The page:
The Estimate of Giving Campaign is coming to end at the congregation I service. In the middle of this recession, this year’s campaign is the second largest and could be the best campaign ever as late estimates continue to come in. I have always been overwhelmed at the response from our congregation.
One of the purposes of a stewardship campaign is to ensure that we build a responsible budget. Whether we like it or not, people vote with their checkbooks. These campaigns not only allow us to plan for the most effective ministries possible, but they ensure we have our finger on the pulse of the congregation.
I have served in previous congregations that did not do campaigns. They felt that a better approach was to “trust in the Lord.” I understand the sentiment, but what it generally led to was an oligarchy, or the running of the church by a few. Many congregations that do business like that will often overextend themselves and when they find themselves in a position where they can’t make ends meet, they will extend a call to the congregation. Since funding often requires planning, most people who had a readily available cash flow to meet emergency needs where a select group. Soon, those families began to feel a sense of entitlement to decision making or worse, abused by the congregation. Our Estimate of Giving campaign provides an opportunity for everyone to faithfully plan their finances for the coming year, a good idea for givers and non-givers alike. Building a budget within those parameters then preserves the ideals of congregationalism, where every voice and every member, becomes a part of the planning process. In short, a stewardship campaign protects the ideals and integrity of the priesthood of all believers.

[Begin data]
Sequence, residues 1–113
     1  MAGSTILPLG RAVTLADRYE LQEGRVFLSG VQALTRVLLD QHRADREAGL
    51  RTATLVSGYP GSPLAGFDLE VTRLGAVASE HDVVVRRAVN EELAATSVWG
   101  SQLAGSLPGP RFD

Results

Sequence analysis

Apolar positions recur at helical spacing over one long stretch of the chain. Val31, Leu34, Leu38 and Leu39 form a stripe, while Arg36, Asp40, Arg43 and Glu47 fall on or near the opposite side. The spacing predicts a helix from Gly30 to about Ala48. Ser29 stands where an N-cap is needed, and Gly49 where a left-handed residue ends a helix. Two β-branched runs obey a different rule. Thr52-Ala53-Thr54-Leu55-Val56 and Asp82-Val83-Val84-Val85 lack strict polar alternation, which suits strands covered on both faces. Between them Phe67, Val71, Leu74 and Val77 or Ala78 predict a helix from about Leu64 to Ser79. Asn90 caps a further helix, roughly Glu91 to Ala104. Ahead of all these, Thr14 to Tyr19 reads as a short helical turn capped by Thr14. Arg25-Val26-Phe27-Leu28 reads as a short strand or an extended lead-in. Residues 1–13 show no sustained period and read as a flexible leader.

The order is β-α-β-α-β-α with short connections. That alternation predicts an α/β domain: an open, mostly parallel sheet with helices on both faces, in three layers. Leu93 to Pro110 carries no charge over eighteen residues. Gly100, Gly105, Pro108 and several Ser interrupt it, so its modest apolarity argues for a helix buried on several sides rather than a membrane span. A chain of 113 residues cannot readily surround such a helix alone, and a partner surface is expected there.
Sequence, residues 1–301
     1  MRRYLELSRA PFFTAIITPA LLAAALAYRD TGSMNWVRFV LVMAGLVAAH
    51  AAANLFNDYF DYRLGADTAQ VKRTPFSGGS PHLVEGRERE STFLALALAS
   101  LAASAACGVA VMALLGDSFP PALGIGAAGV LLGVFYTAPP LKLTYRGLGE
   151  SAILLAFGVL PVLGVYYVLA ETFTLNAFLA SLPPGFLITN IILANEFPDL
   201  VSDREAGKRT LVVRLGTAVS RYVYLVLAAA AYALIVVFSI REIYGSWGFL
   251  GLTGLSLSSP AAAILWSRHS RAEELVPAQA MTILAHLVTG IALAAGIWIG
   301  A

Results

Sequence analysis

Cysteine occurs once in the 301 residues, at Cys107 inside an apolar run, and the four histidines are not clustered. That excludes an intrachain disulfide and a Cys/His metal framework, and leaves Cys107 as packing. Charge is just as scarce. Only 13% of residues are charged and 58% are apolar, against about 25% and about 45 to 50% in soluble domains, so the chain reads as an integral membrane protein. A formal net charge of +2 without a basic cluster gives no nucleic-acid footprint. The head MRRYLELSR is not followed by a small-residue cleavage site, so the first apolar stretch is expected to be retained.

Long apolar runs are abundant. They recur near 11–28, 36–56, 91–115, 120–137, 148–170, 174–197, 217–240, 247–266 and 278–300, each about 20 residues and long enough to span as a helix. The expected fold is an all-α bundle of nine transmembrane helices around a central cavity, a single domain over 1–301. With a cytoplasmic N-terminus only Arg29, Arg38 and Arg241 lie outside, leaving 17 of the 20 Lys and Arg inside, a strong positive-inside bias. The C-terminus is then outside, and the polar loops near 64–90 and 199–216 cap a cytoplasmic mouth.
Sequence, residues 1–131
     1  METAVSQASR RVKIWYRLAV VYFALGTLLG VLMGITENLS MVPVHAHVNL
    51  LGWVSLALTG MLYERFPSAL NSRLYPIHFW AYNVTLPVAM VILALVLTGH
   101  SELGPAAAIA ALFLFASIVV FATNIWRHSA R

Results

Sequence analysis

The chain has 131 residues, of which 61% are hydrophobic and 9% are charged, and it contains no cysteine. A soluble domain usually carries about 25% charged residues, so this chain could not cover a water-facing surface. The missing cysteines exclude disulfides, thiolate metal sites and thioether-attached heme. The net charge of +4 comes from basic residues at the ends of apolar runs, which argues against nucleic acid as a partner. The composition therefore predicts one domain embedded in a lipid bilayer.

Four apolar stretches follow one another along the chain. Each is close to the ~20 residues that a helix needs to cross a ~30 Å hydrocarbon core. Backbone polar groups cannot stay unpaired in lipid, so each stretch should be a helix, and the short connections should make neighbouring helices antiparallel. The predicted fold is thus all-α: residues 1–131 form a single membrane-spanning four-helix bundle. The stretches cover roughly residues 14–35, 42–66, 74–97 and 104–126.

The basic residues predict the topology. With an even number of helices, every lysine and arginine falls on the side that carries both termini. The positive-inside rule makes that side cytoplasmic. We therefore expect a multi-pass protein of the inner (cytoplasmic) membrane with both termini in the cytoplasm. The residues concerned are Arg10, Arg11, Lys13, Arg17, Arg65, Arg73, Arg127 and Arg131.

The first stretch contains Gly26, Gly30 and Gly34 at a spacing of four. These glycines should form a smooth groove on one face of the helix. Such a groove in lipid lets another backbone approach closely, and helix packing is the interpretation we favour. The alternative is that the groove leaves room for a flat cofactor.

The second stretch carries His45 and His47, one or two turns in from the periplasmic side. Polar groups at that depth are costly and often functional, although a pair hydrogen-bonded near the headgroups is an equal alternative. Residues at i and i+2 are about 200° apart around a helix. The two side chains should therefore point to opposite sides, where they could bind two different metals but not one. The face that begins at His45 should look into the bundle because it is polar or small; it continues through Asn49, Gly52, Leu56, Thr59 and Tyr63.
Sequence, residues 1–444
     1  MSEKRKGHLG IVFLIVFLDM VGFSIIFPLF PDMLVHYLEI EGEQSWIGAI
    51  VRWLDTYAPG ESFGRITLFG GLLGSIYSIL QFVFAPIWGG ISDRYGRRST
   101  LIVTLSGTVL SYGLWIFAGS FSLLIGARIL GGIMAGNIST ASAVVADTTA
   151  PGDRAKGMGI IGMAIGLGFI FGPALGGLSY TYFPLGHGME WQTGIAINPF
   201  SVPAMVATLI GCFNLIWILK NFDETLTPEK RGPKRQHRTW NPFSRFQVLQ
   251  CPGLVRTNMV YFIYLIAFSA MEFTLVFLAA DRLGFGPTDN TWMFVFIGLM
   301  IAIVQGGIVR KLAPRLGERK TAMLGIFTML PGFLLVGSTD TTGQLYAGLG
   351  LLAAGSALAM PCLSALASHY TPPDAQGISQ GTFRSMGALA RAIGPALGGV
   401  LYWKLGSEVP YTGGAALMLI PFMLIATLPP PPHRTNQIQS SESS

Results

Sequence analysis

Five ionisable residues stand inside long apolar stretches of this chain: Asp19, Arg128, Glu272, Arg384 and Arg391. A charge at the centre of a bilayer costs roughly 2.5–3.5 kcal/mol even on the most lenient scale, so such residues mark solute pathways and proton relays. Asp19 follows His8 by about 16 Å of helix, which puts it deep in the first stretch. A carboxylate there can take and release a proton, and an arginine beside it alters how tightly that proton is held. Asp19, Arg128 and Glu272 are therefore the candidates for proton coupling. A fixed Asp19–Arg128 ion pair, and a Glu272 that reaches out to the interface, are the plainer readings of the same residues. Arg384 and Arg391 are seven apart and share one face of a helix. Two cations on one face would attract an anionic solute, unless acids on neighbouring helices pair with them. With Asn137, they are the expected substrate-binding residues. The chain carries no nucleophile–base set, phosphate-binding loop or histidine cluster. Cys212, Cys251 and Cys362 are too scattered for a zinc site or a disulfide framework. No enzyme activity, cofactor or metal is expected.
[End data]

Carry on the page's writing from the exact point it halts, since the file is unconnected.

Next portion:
Our campaign also forces us to think about what it means to be stewards ourselves. Jesus talks about money and hell more the any other topics and yet, it is those two topics that are most avoided by the modern church. Personally, I believe every Christian needs to give something. It is a part of what it means to be a Christian. In my own life, it has been proven over and over again that if we tithe, God always make sure we have enough. Tithing reminds me that God is the source of my needs. It also reminds me to live within my means. Now for many throughout the world and in our own community, their basic needs outstrip their income. Many of these folks still give through volunteering or other active ways. For most, however, it requires us to think twice about eating out or buying items that we may not really need. The holiday season is an ideal time to take stock of our life. Am I living beyond my means? Could I give something to someone else whose needs are greater than my own? Can I endeavor to reorient my life and place God first…in everything, even my checkbook?
As a spiritual leader, I am convinced that members have a right to know how much we give to the life of the congregation we serve. If we are going to model the Christian life, including stewardship, we have to set the tone for Christian giving. Our family tithes (10%) on our gross income, including cash gifts and extra money that comes in. Why? God demands and deserves our first fruits. I also know that God will make sure I never miss it. It is amazing how liberating a properly oriented life can be for the mind and soul. Now, don’t get upset with me, I’m just trying to tell you the truth as I understand it and have experienced it. However, I know my congregation understands. Their generosity is one of the signs.